A tiny British beauty, she was involved with movies even before her husband was. She was a film editor. And before that briefly an actress. And she and Hitch met when they were both making silent films. He was designing sets and writing the inter-titles for the Silents. It’s so interesting to me that both their careers spanned the entire history of movies!

Alma Reville wrote many of the scripts for her husband’s movies, though she did not always get screen credit for them. For instance on “The Lady Vanishes” she gets top billing, but it says “Continuity by Alma Reville.”

And her expert editing eye was involved in almost every artistic decision the Master made. This according to the man himself. Her roles in his life and work were many and varied, and she was a good cook, too! Her recipes are included in the back of Patricia Hitchcock’s loving memoir.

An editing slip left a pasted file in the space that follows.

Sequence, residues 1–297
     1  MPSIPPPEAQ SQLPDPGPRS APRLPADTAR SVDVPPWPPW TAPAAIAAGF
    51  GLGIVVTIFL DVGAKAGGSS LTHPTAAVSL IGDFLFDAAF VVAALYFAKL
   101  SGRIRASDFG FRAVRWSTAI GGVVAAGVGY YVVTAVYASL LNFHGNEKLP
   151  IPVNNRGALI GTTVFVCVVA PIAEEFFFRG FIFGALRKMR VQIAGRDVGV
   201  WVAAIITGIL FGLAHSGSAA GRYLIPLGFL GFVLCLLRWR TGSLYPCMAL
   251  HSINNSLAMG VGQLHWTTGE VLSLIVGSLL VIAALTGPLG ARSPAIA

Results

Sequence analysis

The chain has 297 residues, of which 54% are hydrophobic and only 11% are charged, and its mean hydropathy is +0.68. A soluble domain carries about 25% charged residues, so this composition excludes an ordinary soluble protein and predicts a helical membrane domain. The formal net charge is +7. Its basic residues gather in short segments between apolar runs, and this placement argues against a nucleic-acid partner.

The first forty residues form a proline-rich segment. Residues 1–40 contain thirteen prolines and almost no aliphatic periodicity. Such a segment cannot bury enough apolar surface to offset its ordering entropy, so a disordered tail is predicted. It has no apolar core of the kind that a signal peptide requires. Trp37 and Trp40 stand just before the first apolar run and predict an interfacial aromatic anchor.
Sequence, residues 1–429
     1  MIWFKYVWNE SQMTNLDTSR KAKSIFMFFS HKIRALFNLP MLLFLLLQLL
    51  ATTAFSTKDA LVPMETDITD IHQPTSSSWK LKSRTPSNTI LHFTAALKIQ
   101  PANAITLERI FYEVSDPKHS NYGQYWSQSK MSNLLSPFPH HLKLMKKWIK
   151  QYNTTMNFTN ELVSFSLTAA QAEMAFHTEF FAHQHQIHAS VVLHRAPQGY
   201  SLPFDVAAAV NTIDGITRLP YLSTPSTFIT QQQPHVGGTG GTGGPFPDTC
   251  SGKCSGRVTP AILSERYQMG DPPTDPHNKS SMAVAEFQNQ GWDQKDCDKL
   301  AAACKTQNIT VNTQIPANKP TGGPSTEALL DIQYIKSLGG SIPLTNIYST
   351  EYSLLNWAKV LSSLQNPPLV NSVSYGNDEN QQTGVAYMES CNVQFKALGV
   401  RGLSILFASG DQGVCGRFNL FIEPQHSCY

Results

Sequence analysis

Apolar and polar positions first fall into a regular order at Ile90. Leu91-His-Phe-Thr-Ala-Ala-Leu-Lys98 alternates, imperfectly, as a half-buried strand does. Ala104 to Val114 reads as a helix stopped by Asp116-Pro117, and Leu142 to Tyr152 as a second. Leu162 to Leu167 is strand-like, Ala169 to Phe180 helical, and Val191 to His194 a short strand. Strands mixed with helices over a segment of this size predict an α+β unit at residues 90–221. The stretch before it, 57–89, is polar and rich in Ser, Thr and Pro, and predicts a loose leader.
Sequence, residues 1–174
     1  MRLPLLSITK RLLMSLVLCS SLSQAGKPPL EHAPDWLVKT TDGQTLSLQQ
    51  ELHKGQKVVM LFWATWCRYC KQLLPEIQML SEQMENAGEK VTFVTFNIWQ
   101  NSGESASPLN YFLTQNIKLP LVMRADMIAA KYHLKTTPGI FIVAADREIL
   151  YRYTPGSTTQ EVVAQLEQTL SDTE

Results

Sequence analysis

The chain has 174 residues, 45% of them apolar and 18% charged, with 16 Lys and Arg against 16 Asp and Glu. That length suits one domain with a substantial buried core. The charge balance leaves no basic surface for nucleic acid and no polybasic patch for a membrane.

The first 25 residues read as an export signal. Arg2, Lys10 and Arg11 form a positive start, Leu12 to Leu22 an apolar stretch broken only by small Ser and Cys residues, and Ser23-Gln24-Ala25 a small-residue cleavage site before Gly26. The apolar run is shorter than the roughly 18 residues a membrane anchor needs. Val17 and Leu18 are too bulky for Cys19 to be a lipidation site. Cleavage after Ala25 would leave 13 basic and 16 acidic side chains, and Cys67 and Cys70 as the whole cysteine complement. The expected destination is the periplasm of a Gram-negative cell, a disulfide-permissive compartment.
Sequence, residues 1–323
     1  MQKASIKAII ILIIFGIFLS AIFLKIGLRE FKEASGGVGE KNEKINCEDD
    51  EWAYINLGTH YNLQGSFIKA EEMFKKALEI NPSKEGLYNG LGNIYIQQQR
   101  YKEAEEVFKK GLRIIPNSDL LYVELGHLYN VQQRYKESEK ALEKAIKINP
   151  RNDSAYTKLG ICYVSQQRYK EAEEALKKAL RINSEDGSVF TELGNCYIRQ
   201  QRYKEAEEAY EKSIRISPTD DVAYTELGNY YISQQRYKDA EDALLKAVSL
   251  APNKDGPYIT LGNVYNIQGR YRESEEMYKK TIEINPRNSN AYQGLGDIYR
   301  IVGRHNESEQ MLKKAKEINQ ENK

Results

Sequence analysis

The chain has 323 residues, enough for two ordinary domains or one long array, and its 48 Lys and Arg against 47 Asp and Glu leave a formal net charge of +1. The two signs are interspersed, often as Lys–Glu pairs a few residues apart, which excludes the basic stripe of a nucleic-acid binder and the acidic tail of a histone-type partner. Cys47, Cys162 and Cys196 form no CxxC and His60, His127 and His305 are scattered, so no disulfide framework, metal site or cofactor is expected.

Every script would be run by Alma first, and if she thought it would make a good movie, Hitch then acted upon it. If Alma said “no!” it was a dead project. And Alma did much, much more of the writing and re-writing on many of his films that she was never credited with. Pat Hitchcock’s book, and now “Hitchcock” the movie seem intent on redressing this imbalance.

The Master of Suspense was not joking when he said, “The only critic I fear is my wife.”

Their dutiful daughter Pat was also an actress herself and her most memorable role was of the mystery-obsessed younger sister to Ruth Roman in one of Hitchcock’s many masterpieces “Strangers on a Train”

She’s quite petite and probably is more a mirror of her mother’s pleasant-minded-ness and orderliness, than her father’s famed dark side. Pat Hitchcock appears on the special features on nearly every DVD of her father’s work.

Alfred Hitchock always gave Alma all the credit for everything he did, if he was asked.